Years ago, I ran multiple forcast of Roth, no Roth for my case and the after tax rtn was significantly better >15% for Roth case. The largest part of the differential was ever increasing annual tax on the RMDs.
And, agree--multiple assumptions, longevity, tax rate, tax changes, growth, etc will make a difference.

Thanks, time will tell. :sharebeer

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Re: What asset classes to put in a Roth?

Postby Doc » Sun Mar 24, 2013 1:04 pm

2beachcombers wrote:The largest part of the differential was ever increasing annual tax on the RMDs.


Well that is certainly the one. I am surprised at the size of the effect. Is the amount of your tIRA/401k a very large percentage of you total portfolio? Or perhaps the 15% is the difference in the future value of a small difference compounded over many years?
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Re: What asset classes to put in a Roth?

Postby 2beachcombers » Sun Mar 24, 2013 5:58 pm

Doc wrote:
2beachcombers wrote:The largest part of the differential was ever increasing annual tax on the RMDs.


Well that is certainly the one. I am surprised at the size of the effect. Is the amount of your tIRA/401k a very large percentage of you total portfolio? Or perhaps the 15% is the difference in the future value of a small difference compounded over many years?


Correct 25 yrs compounding. Also correct on Large IRA percent of portfolio.

Before Roth changes and the market changes over the past 13 yrs, the IRA would have been 70-80% of my total portfolio.
After selling a south Fla house and putting half the gains a taxable account, The IRA would have dropped to about 50%. of total portfolio.

After Roth conversion, gifting, 529s, when I start my RMDs in 3 yrs, the IRA will be around 15% total portfolio

Today the accounts are:
Taxable---------- 45%
Roth---------------30%
IRA---------------- 25%( 800K), will cash in 300k over next 4 yrs.before SS at 70 yrs

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Re: What asset classes to put in a Roth?

Postby Doc » Mon Mar 25, 2013 12:30 pm

2beachcombers wrote:
Doc wrote:
2beachcombers wrote:The largest part of the differential was ever increasing annual tax on the RMDs.


Well that is certainly the one. I am surprised at the size of the effect. Is the amount of your tIRA/401k a very large percentage of you total portfolio? Or perhaps the 15% is the difference in the future value of a small difference compounded over many years?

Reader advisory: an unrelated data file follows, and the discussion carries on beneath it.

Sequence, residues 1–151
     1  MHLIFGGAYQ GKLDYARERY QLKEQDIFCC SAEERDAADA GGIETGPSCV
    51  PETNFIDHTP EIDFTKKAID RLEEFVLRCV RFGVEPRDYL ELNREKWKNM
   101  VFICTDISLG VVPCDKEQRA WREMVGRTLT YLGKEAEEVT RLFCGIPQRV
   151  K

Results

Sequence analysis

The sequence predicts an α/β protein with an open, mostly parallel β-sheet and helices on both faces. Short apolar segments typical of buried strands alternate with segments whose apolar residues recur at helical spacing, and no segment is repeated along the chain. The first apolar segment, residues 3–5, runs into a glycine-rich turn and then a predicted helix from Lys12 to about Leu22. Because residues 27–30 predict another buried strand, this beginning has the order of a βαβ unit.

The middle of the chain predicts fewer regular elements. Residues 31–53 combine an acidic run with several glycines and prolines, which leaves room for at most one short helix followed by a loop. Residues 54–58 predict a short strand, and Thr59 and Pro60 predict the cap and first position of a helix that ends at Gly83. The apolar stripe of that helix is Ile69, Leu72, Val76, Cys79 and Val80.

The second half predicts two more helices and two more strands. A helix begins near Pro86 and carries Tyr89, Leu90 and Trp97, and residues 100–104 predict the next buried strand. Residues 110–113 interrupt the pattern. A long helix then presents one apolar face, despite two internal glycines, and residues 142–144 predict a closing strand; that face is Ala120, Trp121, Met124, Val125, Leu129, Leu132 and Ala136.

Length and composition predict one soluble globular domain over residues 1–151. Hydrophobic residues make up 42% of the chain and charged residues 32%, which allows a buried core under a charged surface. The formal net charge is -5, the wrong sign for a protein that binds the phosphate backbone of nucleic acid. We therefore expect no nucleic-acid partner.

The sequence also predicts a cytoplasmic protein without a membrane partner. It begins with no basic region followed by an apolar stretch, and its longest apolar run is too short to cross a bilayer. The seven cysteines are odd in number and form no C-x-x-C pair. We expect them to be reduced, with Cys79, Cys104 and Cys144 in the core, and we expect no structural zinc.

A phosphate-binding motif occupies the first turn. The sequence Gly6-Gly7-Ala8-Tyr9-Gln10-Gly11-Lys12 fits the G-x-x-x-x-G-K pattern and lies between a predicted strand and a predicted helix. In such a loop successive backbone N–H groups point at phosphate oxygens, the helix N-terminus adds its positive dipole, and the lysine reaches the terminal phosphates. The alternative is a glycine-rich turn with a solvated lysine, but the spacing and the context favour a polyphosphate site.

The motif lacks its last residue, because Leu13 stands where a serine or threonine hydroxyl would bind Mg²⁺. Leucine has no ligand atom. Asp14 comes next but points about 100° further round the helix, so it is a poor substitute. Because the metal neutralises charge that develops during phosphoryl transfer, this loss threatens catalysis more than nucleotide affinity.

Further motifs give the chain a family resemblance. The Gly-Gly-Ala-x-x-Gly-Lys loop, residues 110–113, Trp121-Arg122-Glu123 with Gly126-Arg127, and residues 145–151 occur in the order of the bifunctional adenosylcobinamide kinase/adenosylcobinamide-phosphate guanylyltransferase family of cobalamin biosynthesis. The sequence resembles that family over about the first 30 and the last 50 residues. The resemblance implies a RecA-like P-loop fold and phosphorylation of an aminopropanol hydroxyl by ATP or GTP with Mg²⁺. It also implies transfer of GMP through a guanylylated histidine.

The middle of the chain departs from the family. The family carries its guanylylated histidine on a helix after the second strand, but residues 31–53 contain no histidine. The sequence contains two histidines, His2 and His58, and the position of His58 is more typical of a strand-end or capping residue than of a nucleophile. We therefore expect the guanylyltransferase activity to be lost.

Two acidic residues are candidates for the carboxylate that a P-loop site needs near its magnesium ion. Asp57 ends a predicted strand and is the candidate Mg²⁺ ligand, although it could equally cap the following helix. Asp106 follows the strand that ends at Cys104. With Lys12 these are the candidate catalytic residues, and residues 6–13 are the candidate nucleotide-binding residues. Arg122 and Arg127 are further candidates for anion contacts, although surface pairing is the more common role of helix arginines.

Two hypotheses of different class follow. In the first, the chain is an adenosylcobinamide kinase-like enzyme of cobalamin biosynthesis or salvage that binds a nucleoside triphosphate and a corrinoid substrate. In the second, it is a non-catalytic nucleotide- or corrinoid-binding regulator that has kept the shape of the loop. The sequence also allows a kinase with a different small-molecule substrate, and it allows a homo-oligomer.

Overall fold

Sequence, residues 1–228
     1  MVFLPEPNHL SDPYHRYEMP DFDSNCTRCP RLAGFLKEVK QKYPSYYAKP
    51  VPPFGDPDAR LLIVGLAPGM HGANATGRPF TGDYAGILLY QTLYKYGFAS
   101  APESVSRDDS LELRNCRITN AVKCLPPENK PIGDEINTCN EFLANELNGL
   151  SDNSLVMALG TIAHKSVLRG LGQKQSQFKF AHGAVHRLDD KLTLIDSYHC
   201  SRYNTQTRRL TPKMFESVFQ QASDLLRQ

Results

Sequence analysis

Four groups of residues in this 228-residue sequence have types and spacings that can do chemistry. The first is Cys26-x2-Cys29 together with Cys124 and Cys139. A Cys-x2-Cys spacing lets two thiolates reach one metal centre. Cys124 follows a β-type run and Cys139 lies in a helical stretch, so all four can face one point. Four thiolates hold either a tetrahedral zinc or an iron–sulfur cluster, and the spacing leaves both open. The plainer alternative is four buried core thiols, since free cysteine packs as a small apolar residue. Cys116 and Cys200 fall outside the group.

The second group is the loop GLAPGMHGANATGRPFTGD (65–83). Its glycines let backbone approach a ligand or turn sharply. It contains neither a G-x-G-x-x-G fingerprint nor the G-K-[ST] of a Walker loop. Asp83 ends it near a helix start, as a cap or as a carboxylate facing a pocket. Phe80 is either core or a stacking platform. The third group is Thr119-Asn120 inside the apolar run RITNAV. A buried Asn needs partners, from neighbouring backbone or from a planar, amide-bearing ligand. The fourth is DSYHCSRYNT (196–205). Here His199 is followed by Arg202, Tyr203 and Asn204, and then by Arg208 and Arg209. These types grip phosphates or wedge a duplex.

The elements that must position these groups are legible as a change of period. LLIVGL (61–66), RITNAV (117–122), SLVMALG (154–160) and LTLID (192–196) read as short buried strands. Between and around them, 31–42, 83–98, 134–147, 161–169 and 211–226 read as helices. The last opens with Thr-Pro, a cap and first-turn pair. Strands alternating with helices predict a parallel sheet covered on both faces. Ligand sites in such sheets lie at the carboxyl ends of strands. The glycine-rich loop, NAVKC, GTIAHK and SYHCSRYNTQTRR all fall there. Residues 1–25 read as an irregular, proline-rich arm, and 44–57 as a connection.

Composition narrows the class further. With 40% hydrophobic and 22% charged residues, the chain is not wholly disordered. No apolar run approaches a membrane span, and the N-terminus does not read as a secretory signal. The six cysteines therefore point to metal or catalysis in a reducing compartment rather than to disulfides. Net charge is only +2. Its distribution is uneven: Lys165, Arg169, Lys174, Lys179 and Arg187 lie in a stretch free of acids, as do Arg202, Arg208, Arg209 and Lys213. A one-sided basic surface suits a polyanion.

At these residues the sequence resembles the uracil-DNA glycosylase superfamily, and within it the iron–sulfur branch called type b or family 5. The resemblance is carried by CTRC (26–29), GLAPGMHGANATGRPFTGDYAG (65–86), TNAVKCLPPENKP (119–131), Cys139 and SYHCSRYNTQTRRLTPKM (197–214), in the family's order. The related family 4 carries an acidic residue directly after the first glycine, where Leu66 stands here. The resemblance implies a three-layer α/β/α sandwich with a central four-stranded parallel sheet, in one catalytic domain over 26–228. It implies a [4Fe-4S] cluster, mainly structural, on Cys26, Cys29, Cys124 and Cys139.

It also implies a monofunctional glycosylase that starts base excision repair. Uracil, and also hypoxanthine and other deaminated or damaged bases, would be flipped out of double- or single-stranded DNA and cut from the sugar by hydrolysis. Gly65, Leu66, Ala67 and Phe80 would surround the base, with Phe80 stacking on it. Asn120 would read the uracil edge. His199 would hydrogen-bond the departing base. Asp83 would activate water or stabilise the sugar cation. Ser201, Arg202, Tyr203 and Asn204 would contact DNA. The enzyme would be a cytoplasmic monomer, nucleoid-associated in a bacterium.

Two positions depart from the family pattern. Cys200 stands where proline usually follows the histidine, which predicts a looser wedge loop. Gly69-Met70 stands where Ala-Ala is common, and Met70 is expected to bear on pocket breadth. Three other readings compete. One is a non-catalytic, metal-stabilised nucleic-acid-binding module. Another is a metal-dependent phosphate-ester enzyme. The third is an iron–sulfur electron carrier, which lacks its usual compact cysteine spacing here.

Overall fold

Correct 25 yrs compounding.


A major drawback in the future value calculations is that one's assumptions about future events gets magnified by the compounding. This makes the future assumptions get greater weight than current assumptions which are more certain. A way to minimize this effect is to use a given interest rate (hurdle rate) and calculate the net present value of the cash flow stream. Same equations just has NPV as the dependent variable and the discount rate (YTM) as the known variable. This method is common in evaluating industrial projects but I have not seen it used in finance.

Maybe there is a finance major out there that can comment.
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Re: What asset classes to put in a Roth?

Postby teacher » Mon Mar 25, 2013 5:47 pm

When we reconfigured our portfolio in late summer of '09, we put TIPS in our ROTHs and later rolled over the Vanguard Health Care Admiral Fund into my ROTH. We plan to roll over the Capital Opportunity Admiral Fund into DH's ROTH account this year. Those are the only two non-index funds we have in Vanguard. The thinking is the TIPS are more secure and the two managed equity funds have the potential to provide above average growth as they have in the past, so the two extremes somewhat balance each other in our most important accounts. Without the Cap Opportunity funds, about 23% of our portfolio is in ROTHs. Impending RMDs motivate us to roll over as much as we can before we reach 70 1/2. We are a little short on TIPS, so that may be the next rollover destination next year.
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Re: What asset classes to put in a Roth?

Postby 2beachcombers » Tue Mar 26, 2013 2:40 pm

Teacher---I count my SS as TIPS equivalent

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Re: What asset classes to put in a Roth?

Postby teacher » Tue Mar 26, 2013 3:13 pm

Cali teachers don't get SS. They get a pension with no COLA and fully taxable. The pension can slip down to 85% of spending value, then it is maintained at that level.